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Knitting Rozetti Cotton Gold with another yarn

by Cynthia MacDougall

In this series of posts, we’re testing Universal Yarn’s Rozetti Cotton Gold, a fine yarn with sequins (or payettes) spaced evenly apart.

Monday’s post addressed step 1 – the yarn attributes, and yesterday’s post described step 2 — what I call a “benchmark sample”, where you take the manufacturer’s recommended gauge and needles, and make a sample. Each day we’re going to analyze the day’s sample to complete step 4, the analysis.

A photo of a swatch of Cotton Gold, with (from top) reverse stocking stitch, stocking stitch, and garter stitch.

Yesterday’s benchmark sample

Today and tomorrow we’re going to be branching out, which is step 3. Branching out is where the fun really begins. It’s a process of experimentation that can lead to creating your own design.

Branching out is a bit like doodling with yarn. I like to call it “playtime for the right brain.” It’s a great time to pull out a knitting stitch dictionary and test out some new stitch patterns. Today, though, we’re doing another simple pattern, with the addition of a second yarn.

One of the free patterns on the Universal Yarn website is the Halo and Sparkle Sweater. I drew inspiration from this piece to create today’s sample.

A cream colored sweater with gold sequins, long sleeves, and a scooped neck

The Halo and Sparkle sweater is a free pattern on the Universal Yarn website that uses Rozetti Cotton Gold and Amphora, worked with a strand of each yarn throughout

Having seen what the fabric made with yarns of similar color looks like, I opted to take the sapphire blue ball and knit it with cream-colored lace weight yarn.

I made this sample a little larger and also used larger needles — size US 7 [4.5mm].

A square made holding a strand of Cotton Gold with a strand of cream laceweight. Two strands of the cream laceweight were used to make a garter stitch frame.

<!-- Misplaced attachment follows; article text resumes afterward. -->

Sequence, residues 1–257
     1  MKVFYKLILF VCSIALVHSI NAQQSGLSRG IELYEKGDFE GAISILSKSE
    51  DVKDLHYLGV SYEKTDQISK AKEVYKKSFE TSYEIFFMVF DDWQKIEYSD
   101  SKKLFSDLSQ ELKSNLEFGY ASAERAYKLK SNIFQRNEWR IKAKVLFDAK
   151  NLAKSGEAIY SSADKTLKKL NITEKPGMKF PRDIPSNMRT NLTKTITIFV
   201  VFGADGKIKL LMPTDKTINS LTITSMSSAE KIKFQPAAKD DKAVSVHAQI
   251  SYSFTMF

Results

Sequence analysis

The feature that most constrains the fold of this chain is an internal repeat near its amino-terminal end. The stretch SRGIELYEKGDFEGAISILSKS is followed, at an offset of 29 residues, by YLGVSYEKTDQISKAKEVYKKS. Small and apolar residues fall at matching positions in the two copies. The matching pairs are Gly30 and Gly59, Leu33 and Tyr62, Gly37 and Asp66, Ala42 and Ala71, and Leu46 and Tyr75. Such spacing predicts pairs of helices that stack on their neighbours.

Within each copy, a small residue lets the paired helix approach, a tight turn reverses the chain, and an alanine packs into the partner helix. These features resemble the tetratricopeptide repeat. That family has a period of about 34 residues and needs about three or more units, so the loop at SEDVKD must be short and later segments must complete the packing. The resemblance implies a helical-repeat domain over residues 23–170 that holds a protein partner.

The distribution of sequins on this sample of Cotton Gold with a cream colored laceweight yarn is quite attractive. Larger needles and a lace pattern would make a nice warm shawl.

Analysis: The sequins are well distributed, and combining a bold color with a neutral results in a blended shade that from a distance takes the bold out of the Cotton Gold color. This might be desirable, or a bolder blue similar to the Cotton Gold blue might be preferred.

A shawl made of Cotton Gold alone would be a striking piece to wear to a holiday event or black tie affair. Combining Cotton Gold with a rich wool or even a blend of acrylic, mohair, and alpaca, such as Universal Yarn’s Amphora, grounds the sparkle and makes a more subtle piece that could be worn on other occasions such as weddings, and perhaps even under a business jacket to the office.

What would you want to make from this sample?

This is part 4 of 5 in this series.
Go back to part 3:  Knit a benchmark sample using Rozetti Cotton Gold yarn

Go to part 5: Creating knitted accents with Rozetti Cotton Gold yarn


1 comment

Janet P. December 7, 2016 - 10:21 pm

I love this yarn-you could make this pattern be dressed up or down-so many ways.


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